Role of coagulation in the recruitment of colon adenocarcinoma cells to thrombus under shear

Sandra M. Baker-Groberg, Asako Itakura, András Gruber, Owen J.T. McCarty

Research output: Contribution to journalArticlepeer-review

6 Scopus citations


Colorectal cancer metastases can appear on the peritoneum and in lymph nodes, liver, and lungs, suggesting both hematogenous and lymphatic spreading of the primary tumor. While antithrombotic agents have been shown to reduce both long-term incidence and metastasis, the role of coagulation in facilitating metastasis is ill defined. We investigated the kinetics and molecular mechanisms of metastatic colon adenocarcinoma cell recruitment to thrombi under shear flow, ex vivo. Platelet aggregates were formed by perfusing citrated anticoagulated whole blood over immobilized fibrinogen or fibrillar collagen. Thrombi were formed by perfusing recalcified whole blood over fibrinogen or fibrillar collagen in the presence of coagulation. Cultured colon adenocarcinoma cells (SW620) were perfused either during or following platelet aggregate or thrombus formation. The degree of transient tumor cell interactions (recruitment, rolling, and release) and the number of firmly adhered tumor cells were quantified using fluorescence microscopy. Platelet aggregates and thrombi formed on either fibrinogen- or fibrillar-collagen supported SW620 cell interactions and adhesion under shear. Thrombi or fibrin supported a greater degree of SW620 cell interactions and adhesion compared with platelet aggregates or fibrinogen, respectively, demonstrating that coagulation promoted SW620 cell recruitment under shear. Interestingly, in the absence of anticoagulation, we observed SW620 preferentially binding to thrombus-bound polymorphonuclear leukocytes (PMNs). The addition of purified PMNs to thrombi resulted in a doubling of the number of interacting and bound SW620 cells. Since thrombi often accumulate and activate leukocytes, our findings suggest that leukocytes may play a role in localizing metastases to sites of thrombogenesis.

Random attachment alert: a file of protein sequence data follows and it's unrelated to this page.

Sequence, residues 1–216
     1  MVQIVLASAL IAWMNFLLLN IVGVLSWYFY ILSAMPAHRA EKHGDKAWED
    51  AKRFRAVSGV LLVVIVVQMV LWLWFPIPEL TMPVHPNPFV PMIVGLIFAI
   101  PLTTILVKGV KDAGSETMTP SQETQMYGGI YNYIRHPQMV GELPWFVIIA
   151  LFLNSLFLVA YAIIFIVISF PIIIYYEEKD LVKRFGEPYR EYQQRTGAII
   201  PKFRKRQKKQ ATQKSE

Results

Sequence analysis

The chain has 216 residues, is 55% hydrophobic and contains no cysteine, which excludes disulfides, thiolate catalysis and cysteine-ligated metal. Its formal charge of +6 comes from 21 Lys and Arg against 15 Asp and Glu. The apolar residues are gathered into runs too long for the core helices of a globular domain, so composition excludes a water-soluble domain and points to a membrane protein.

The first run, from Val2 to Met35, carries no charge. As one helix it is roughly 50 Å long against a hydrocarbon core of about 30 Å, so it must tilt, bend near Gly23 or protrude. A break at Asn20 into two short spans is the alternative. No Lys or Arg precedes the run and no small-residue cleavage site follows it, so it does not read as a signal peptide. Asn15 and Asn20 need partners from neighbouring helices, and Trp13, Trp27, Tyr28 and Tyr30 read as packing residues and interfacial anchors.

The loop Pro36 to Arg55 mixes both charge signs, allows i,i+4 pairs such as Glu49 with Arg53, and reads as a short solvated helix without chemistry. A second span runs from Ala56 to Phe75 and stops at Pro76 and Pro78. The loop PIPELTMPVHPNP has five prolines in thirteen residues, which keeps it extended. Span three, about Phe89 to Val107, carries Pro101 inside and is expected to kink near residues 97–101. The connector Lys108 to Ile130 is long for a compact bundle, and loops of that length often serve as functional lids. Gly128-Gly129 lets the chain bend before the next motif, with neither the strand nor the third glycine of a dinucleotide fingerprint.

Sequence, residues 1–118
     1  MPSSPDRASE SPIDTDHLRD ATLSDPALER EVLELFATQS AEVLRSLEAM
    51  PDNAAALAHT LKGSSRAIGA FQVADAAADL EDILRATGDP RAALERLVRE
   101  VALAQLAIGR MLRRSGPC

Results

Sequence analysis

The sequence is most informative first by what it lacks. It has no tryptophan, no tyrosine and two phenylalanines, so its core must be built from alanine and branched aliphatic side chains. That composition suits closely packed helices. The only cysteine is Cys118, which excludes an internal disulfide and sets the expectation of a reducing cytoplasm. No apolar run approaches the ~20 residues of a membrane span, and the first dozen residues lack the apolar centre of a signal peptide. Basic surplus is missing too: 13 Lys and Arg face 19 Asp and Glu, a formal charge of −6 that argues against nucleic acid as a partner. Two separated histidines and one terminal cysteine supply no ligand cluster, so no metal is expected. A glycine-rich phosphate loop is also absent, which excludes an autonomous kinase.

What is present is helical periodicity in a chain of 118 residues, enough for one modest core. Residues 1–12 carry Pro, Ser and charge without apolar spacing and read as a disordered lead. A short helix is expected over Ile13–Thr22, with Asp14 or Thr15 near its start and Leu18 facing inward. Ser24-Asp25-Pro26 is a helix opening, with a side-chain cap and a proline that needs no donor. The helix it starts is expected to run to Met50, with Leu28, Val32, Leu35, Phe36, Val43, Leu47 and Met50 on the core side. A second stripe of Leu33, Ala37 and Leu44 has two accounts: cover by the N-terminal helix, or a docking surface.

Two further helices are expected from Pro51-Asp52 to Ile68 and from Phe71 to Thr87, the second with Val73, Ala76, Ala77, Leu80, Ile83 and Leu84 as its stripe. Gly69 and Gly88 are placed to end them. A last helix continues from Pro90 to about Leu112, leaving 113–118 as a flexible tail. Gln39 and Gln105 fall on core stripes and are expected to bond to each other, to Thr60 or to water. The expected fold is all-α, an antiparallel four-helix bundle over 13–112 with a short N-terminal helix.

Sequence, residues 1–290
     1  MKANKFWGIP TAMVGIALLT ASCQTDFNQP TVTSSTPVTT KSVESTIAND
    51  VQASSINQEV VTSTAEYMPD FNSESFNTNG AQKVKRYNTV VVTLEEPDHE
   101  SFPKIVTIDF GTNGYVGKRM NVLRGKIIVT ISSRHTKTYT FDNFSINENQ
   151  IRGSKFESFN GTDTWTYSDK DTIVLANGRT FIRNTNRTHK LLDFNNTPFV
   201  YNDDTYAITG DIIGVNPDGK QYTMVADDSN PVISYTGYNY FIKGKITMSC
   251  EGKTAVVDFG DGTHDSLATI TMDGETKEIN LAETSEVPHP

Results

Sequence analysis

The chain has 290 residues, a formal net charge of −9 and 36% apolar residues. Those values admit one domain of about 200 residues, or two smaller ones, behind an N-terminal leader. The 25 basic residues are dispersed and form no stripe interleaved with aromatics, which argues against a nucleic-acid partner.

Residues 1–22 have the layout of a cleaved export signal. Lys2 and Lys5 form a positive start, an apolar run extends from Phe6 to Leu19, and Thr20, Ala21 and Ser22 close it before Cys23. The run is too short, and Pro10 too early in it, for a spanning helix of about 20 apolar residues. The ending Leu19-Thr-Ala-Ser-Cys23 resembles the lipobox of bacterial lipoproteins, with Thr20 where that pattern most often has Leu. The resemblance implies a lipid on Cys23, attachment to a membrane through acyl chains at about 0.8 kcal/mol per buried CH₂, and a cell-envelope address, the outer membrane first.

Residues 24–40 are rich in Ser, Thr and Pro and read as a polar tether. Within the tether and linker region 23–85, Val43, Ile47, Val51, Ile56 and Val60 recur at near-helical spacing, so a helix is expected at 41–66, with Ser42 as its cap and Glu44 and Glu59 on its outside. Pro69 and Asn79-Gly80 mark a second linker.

Original languageEnglish (US)
Pages (from-to)C951-C959
JournalAmerican Journal of Physiology - Cell Physiology
Issue number9
StatePublished - Nov 1 2013


  • Cancer metastasis
  • Coagulation
  • Inflammation
  • Leukocytes
  • Thrombosis

ASJC Scopus subject areas

  • Physiology
  • Cell Biology


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